Advertisement

Car guy stars in a car movie

December 07, 2003|by TODD BURLAGE/Wheelbase Communications

To say the role of "Memphis" Raines in the remake of the movie Gone in 60 Seconds was "sort of" up Nicolas Cage's alley is a little like saying the actor is "sort of" a car enthusiast. Both are tremendous understatements.

So when the role of the car-thief-turned-good-guy-turned-car-thief-to-save-his-brother came open a few years ago, Cage didn't need to call his agent. Getting a chance to drive hot cars and drive 'em fast on the big screen was enough incentive.

"It was a dream role," said Cage in an interview with cagefactor.com, his fan website.

"To combine film and cars, the two things I love most, was something there was no way to pass up."

The film didn't spark Cage's love for cars, it was just an extension of that passion.

In fact, Cage, whose hobbies include racing, did much of the stunt driving behind the wheel of Eleanor - a clone of a 1967 Shelby GT 500 Mustang - for the $80 million flick.

Advertisement

"I like going fast, I like the adrenaline. I feel it's just my personality," Cage said. "When you're race-car driving, you can't think about anything except for staying alive. It's an alternative to Valium."

Even as a teenager growing up in San Francisco, Calif., Cage already had a passion for vintage cars. He just never thought he would earn enough money to ever drive or own one.

His first purchase was a yellow $2,000 1975 Triumph Spitfire 1500, a car he bought before he had a driver's license.

Almost every day, Cage would sit in the car parked in his driveway, pretend he was on his way to the beach and wait for the day he could drive it. Once he could, the car was in constant need of repair, so Cage sold it.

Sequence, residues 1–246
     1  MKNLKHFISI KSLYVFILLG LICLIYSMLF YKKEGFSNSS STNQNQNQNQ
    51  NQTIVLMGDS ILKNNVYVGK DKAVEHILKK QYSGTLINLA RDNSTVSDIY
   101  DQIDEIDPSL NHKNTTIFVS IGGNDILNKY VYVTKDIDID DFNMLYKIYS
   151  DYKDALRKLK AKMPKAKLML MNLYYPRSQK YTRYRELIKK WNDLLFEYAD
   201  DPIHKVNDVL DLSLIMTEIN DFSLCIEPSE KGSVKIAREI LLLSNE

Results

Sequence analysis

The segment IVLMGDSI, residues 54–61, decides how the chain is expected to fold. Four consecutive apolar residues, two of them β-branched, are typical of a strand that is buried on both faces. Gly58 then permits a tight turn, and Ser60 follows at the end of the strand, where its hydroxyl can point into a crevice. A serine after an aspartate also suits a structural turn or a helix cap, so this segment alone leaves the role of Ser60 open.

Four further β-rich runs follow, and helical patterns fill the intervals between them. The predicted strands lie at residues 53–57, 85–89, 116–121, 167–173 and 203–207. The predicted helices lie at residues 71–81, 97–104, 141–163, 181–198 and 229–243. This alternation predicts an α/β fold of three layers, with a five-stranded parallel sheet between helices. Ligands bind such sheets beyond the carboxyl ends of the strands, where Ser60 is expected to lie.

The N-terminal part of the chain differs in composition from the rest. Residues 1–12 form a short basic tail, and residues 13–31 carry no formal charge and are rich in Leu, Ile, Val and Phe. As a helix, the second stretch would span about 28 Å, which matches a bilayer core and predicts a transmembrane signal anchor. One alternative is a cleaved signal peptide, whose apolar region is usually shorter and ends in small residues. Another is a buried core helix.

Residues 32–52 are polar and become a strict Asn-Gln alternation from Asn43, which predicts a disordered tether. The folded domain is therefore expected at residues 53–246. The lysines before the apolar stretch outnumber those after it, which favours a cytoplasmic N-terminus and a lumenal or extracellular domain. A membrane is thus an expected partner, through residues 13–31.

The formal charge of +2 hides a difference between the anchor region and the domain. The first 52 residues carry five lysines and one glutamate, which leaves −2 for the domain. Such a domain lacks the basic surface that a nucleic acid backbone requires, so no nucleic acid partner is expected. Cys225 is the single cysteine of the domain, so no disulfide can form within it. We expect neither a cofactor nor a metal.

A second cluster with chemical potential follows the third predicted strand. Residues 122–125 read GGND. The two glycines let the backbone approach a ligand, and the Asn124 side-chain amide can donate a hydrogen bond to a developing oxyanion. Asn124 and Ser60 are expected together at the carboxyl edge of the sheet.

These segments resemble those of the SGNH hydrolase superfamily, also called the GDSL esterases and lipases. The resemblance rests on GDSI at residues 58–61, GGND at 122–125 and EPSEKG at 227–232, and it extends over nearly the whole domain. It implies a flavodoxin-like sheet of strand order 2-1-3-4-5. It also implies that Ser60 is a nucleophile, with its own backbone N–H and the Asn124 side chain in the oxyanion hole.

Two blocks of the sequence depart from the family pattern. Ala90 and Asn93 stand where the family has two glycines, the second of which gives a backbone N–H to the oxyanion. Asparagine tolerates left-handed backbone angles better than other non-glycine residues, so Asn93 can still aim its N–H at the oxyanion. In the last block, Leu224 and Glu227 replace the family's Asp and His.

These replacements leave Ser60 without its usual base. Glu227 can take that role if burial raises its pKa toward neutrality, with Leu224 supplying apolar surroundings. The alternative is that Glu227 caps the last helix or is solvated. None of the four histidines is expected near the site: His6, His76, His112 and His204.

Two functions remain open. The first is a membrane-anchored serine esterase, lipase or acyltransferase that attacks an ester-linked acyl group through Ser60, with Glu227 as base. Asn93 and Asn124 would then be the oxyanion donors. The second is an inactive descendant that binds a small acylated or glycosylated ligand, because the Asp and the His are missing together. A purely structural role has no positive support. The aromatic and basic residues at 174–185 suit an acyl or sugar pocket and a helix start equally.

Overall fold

"It was the one main thing in my life, but it always broke down," Cage said in the interview. "I was constantly broke. I had to find small acting jobs to pay for fixing it up. All my money went into that car."

Cage recently ran into the man to whom he sold the car almost 20 years ago. Cage bought it back, restored it and sold it for $13,000.

That yellow Spitfire was just one part of Cage's ever-evolving collection that includes dozens of exotic cars and late-model motorcycles valued in the millions of dollars.

In fact, Cage sold about a dozen cars and five motorcycles at the elegant Vintage Motor Cars at Amelia Island auction last year for nearly $3 million.

The biggest tickets of the day were a 1955 Jaguar D-type that sold for $935,000 and a 1938 Bugatti T-101SC coupe that brought $451,000.

"Cars are the art I can drive.

"It's a visceral experience, better than other artistic creations."

Whether it's making one of his many action movies, buying and selling cars or cruising the California coast in one of his vintage machines, Cage is most comfortable when the pace is at its most furious.

Ever since he made his first film splash almost 20 years ago in the comedy Fast Times at Ridgemont High, there never seems to be enough hours in the day. At 39, Cage has already made more than 40 movies, including hits such as Raising Arizona, Moonstruck and Leaving Las Vegas, a film that netted a best-actor Oscar award.

It's not difficult to understand why a film career seemed to come so easily. Nicolas Cage was actually born with a different last name: Coppola, as in the nephew of renowned film director Francis Ford Coppola. Since he wanted to make it on his own, he changed his name to Cage, which is also a tribute to comic-book legend Luke Cage.

The love for cars just kind of evolved from those early days pretending to drive to the beach in his yellow Spitfire to owning some of the fastest and rarest cars in the world.

"I'm one with the car."

"I can hear it and feel it. All my sensations become aroused in the car.''

Don't expect his passion for life and fast cars to end any time soon, even though the actor has actually trimmed down his collection and seems to be moving toward acquiring the same race cars he drives in between movie gigs.

Among the cars still in Cage's possession are a 1981 Porsche 935 K4 endurance racer and a 1933 Alfa Romeo 8C 2300 2.6-liter Monza Spider Corsa, which happens to be the winner of the first post-war U.S. road race.

It's a long way from the days of a $2,000 yellow Triumph Spitfire, but never far from his heart.




Todd Burlage is a feature writer and contributor to Wheelbase Communications.

The Herald-Mail Articles
|
|
|